Conclusions: In addition to quantitative and factual information about potential collaborators, social connectedness, personal and professional compatibility, and power differentials also influence whether collaborations are formed. Current systems only partially model these requirements. Services in Digital/Vita combine an existing workflow, maintaining and formatting biographical information, with collaboration-searching functions in a novel way. Several barriers to the adoption of systems such as Digital/Vita exist, such as potential adoption asymmetries between junior and senior researchers and the tension between public and private information. Developers and researchers may consider one or more of the services described in this paper for implementation in their own expertise locating systems.

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Related in: MedlinePlus

Results of the concept validation phase for 16 design ideas using nine scientist participants; need rating: 1 (low) to 4 (high); feasibility rating: 1 (low) to 3 (high)
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figure1: Results of the concept validation phase for 16 design ideas using nine scientist participants; need rating: 1 (low) to 4 (high); feasibility rating: 1 (low) to 3 (high)

Mentions: As described in the Methods section, the research team generated a large number of ideas for one or more systems to support researchers in locating collaborators. Figure 1 shows the results of the concept validation phase for the 16 design ideas. It is important to note that there is not a 1:1 correspondence between the requirement themes and application ideas. Rather, the different application ideas are responsive to one or more requirement themes to different degrees. In selecting the ideas to be implemented, we aimed to respond to the requirements as best as possible within the context of a software application. The combination of three highly validated ideas, Profile Updating, CV/Profile Formatting, and Connections through Colleagues, appeared to satisfy our constraints most closely and were chosen to be implemented in a prototype system which we dubbed “Digital/Vita.” The three main sets of services implemented in Digital/Vita are the following:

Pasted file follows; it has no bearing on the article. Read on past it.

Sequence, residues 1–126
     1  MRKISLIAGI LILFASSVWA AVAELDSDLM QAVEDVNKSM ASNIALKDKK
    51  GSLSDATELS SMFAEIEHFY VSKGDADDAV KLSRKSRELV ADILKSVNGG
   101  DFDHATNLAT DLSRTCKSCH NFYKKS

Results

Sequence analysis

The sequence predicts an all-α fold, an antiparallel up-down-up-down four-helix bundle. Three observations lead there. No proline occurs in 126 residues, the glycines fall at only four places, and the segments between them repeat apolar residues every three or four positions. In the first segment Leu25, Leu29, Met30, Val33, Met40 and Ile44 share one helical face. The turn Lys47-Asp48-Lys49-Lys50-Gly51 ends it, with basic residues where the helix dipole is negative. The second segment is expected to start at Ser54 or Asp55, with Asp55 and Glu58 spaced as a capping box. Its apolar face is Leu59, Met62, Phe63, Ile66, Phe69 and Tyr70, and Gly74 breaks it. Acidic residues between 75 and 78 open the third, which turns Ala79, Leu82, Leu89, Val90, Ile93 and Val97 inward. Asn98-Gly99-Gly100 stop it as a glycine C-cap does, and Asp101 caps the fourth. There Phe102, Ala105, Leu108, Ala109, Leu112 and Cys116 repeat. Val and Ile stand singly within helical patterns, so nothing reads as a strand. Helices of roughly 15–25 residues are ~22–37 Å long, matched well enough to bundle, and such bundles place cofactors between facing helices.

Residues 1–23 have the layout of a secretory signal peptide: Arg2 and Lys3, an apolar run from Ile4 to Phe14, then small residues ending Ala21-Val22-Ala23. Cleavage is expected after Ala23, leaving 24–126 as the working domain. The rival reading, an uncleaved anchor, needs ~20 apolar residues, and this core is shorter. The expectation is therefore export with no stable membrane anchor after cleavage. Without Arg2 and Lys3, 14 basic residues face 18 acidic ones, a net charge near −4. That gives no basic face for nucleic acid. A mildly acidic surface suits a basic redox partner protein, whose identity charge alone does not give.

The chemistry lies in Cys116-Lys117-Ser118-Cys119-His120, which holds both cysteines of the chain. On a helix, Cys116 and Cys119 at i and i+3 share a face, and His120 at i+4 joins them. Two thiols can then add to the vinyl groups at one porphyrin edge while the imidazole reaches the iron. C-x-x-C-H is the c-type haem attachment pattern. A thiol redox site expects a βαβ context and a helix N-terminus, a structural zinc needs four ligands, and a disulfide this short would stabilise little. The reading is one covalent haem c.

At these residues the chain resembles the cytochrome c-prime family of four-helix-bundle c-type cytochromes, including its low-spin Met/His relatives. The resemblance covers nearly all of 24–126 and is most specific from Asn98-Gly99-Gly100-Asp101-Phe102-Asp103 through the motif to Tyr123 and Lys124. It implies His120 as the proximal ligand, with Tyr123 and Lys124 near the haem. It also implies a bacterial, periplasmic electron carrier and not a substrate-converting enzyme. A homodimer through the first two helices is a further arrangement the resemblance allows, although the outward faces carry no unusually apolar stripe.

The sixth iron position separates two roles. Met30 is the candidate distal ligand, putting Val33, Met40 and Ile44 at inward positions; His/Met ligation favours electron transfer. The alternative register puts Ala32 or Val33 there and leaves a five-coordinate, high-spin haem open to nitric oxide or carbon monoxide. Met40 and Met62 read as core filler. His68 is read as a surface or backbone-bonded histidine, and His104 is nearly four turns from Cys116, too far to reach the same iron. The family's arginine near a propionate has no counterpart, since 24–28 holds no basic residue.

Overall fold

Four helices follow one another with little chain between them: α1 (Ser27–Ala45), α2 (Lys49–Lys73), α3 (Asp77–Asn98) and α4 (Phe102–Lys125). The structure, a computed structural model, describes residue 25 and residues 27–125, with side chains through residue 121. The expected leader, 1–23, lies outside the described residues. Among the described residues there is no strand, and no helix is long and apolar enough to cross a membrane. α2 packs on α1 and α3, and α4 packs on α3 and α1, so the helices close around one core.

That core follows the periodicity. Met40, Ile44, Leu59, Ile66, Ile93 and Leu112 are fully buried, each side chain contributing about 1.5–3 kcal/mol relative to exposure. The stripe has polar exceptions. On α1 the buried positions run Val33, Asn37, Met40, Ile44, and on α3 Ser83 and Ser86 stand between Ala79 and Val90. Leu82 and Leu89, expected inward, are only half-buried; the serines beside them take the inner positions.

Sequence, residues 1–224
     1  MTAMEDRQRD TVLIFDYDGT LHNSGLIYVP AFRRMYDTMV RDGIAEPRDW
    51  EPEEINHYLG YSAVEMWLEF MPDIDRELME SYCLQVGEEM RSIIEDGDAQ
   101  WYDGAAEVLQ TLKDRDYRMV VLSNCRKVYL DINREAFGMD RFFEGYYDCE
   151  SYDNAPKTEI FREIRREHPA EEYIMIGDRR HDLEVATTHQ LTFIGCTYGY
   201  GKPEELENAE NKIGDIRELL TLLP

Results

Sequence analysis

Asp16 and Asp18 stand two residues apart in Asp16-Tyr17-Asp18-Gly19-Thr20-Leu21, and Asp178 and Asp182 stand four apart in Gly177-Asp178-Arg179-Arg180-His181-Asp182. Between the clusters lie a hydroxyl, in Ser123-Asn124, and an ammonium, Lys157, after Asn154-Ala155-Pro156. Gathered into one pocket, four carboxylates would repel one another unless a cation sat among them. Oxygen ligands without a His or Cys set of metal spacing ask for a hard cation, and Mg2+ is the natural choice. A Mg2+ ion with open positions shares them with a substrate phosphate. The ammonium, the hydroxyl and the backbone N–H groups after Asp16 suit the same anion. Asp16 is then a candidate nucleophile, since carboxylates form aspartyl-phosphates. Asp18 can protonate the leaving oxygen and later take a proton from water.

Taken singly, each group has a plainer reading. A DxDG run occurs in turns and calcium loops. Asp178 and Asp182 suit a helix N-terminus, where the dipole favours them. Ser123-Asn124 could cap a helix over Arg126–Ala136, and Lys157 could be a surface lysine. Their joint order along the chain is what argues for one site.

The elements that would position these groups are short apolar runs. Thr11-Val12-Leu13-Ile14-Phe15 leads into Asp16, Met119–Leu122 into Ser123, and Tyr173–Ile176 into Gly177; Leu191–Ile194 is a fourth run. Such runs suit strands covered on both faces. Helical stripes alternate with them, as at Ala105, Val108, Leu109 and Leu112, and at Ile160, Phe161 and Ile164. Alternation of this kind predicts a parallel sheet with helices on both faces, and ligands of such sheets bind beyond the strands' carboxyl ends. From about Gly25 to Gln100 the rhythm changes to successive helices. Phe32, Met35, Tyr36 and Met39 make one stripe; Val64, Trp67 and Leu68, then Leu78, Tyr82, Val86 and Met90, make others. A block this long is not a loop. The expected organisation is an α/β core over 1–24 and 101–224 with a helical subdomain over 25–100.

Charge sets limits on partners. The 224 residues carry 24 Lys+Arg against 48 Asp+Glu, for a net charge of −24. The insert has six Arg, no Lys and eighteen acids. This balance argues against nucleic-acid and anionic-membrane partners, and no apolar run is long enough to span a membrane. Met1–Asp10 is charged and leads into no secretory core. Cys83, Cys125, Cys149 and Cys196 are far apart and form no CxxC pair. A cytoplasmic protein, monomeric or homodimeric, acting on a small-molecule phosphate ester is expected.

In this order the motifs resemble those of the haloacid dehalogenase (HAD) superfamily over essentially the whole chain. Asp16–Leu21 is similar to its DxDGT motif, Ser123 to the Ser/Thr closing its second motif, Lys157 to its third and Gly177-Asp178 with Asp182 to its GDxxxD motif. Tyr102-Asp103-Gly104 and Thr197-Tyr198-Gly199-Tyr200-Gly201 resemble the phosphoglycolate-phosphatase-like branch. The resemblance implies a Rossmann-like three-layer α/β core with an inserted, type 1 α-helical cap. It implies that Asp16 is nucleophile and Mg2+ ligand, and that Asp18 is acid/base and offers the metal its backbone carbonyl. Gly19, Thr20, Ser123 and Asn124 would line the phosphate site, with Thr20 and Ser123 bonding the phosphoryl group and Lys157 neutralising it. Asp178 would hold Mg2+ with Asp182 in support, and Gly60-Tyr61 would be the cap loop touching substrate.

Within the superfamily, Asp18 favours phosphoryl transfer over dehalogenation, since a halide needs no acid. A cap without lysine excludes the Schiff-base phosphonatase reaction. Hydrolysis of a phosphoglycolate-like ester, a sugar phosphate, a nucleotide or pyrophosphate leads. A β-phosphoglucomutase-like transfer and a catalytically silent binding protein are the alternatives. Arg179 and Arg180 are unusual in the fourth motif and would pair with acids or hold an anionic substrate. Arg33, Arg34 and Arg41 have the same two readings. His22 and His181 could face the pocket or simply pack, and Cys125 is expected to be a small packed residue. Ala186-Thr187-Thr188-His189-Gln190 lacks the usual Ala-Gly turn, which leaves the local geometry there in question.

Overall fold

Facebook for scientists: requirements and services for optimizing how scientific collaborations are established.

Schleyer T, Spallek H, Butler BS, Subramanian S, Weiss D, Poythress ML, Rattanathikun P, Mueller G - J. Med. Internet Res. (2008)

Results of the concept validation phase for 16 design ideas using nine scientist participants; need rating: 1 (low) to 4 (high); feasibility rating: 1 (low) to 3 (high)
© Copyright Policy
Related In: Results  -  Collection

Show All Figures
getmorefigures.php?uid=PMC2553246&req=5

figure1: Results of the concept validation phase for 16 design ideas using nine scientist participants; need rating: 1 (low) to 4 (high); feasibility rating: 1 (low) to 3 (high)
Mentions: As described in the Methods section, the research team generated a large number of ideas for one or more systems to support researchers in locating collaborators. Figure 1 shows the results of the concept validation phase for the 16 design ideas. It is important to note that there is not a 1:1 correspondence between the requirement themes and application ideas. Rather, the different application ideas are responsive to one or more requirement themes to different degrees. In selecting the ideas to be implemented, we aimed to respond to the requirements as best as possible within the context of a software application. The combination of three highly validated ideas, Profile Updating, CV/Profile Formatting, and Connections through Colleagues, appeared to satisfy our constraints most closely and were chosen to be implemented in a prototype system which we dubbed “Digital/Vita.” The three main sets of services implemented in Digital/Vita are the following: